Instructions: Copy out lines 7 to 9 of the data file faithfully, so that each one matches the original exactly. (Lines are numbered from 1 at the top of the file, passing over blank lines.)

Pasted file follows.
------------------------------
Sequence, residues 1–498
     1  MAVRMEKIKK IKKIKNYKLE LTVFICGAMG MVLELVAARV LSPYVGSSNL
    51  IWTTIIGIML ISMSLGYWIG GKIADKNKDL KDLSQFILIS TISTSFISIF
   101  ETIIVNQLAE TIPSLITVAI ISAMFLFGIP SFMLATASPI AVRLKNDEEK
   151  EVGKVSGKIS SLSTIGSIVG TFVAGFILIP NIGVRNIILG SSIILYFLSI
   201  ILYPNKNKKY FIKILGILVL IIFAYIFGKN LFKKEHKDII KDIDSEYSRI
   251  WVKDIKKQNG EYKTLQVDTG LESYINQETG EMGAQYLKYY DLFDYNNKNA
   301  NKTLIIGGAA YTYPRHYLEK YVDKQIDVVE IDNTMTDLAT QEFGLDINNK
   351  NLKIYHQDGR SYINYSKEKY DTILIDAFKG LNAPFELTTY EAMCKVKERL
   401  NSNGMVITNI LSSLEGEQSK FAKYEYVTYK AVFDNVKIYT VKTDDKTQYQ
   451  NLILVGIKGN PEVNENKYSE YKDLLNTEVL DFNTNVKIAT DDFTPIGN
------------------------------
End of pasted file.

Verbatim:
   251  WVKDIKKQNG EYKTLQVDTG LESYINQETG EMGAQYLKYY DLFDYNNKNA
   301  NKTLIIGGAA YTYPRHYLEK YVDKQIDVVE IDNTMTDLAT QEFGLDINNK
   351  NLKIYHQDGR SYINYSKEKY DTILIDAFKG LNAPFELTTY EAMCKVKERL